Why Does My Dog Sleep So Much?
Wednesday, December 13, 2017 05:00:04 PM America/Los_Angeles
When your dog sleeps a lot, you might start to worry, especially when naps start to involve use of potty pads or pee pads. There are a lot of different reasons why dogs might sleep a lot, and not all of them are reasons to worry. Younger dogs, much like human toddlers, can spend a lot of energy in play and learning. They require a lot of sleep to provide them with rest and physical growth. On the opposite end of the spectrum, older dogs will require longer bouts of sleep as their bodies start to slow down from old age. Working dogs such as sheep dogs, police dogs, and sledding dogs have to remain physically and mentally alert. To be able to retain such high amounts of energy and focus, they need lots of down time for peak performance on the job. Larger dogs tend to need more sleep than smaller dogs. There are a lot of natural reasons why a dog might need a lot of sleep.
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Stress and Life Adjustments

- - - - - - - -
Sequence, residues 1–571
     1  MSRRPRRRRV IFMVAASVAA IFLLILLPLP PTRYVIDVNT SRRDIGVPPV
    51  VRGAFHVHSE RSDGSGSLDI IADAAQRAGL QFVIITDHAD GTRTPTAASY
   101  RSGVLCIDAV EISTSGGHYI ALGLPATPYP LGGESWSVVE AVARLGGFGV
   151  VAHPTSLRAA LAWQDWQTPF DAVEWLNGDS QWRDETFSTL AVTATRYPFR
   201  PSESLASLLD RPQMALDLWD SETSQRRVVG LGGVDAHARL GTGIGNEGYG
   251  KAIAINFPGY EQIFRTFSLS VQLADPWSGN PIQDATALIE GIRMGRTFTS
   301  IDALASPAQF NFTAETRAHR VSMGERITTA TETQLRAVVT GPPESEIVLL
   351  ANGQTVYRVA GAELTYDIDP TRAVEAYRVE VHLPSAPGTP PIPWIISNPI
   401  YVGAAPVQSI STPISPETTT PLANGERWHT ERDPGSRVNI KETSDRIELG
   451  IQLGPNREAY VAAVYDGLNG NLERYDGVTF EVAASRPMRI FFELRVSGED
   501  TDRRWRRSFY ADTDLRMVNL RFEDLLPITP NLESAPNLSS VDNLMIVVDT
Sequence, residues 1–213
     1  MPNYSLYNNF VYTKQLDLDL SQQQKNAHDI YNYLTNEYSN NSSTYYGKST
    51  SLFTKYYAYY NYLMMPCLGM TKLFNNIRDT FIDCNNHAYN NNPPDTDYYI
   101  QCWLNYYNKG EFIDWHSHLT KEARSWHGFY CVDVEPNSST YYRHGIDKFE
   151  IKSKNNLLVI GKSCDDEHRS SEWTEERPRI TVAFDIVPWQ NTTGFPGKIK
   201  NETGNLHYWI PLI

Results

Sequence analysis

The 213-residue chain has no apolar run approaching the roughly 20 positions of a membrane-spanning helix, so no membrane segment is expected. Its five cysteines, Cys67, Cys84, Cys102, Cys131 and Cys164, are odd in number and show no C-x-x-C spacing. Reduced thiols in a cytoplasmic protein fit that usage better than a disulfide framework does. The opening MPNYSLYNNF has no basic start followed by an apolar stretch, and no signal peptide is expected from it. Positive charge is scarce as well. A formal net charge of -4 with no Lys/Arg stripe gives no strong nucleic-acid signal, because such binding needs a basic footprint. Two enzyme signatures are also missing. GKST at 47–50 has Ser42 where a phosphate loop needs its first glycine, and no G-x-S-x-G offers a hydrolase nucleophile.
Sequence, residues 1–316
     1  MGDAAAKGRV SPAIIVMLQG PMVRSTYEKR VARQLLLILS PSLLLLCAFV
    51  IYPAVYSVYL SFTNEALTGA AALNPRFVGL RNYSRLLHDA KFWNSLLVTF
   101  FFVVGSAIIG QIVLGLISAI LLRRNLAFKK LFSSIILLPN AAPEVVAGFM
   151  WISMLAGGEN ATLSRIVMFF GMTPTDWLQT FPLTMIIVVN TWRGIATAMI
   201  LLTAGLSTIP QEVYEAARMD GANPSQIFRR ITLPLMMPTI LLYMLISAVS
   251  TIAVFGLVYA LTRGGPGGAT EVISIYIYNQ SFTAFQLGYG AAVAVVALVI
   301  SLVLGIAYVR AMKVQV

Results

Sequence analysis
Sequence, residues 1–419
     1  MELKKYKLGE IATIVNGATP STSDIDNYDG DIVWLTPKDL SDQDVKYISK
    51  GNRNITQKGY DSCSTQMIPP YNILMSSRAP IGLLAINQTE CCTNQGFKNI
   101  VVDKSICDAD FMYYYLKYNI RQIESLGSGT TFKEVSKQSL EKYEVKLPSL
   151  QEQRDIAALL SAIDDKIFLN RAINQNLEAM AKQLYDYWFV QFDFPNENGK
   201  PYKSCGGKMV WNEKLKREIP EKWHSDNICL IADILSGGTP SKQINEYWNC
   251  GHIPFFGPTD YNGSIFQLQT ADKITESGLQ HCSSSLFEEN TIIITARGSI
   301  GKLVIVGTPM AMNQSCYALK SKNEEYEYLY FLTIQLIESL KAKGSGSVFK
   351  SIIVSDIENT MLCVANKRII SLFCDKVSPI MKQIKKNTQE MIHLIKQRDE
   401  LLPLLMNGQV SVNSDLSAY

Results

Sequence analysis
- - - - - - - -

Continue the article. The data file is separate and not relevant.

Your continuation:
Imagine moving to a new home, or having just lost the love of your life. It's uncomfortable, it's messy, and sometimes it really hurts. Dogs feel similar emotions to humans when change happens in their life. They like routine and they like being around the people and other animals that they love. When something changes, or they lose someone they are close to, they tend to feel disoriented and sad. During this time, housebreaking may have to happen all over again and dogs will sleep more than usual as they go through their cycle of grief. Housebreaking itself can be a common cause of extra sleep in puppies, as they may wake up several times during the night as they transition through potty training. Dog grass pads can help with potty training and late night peeing.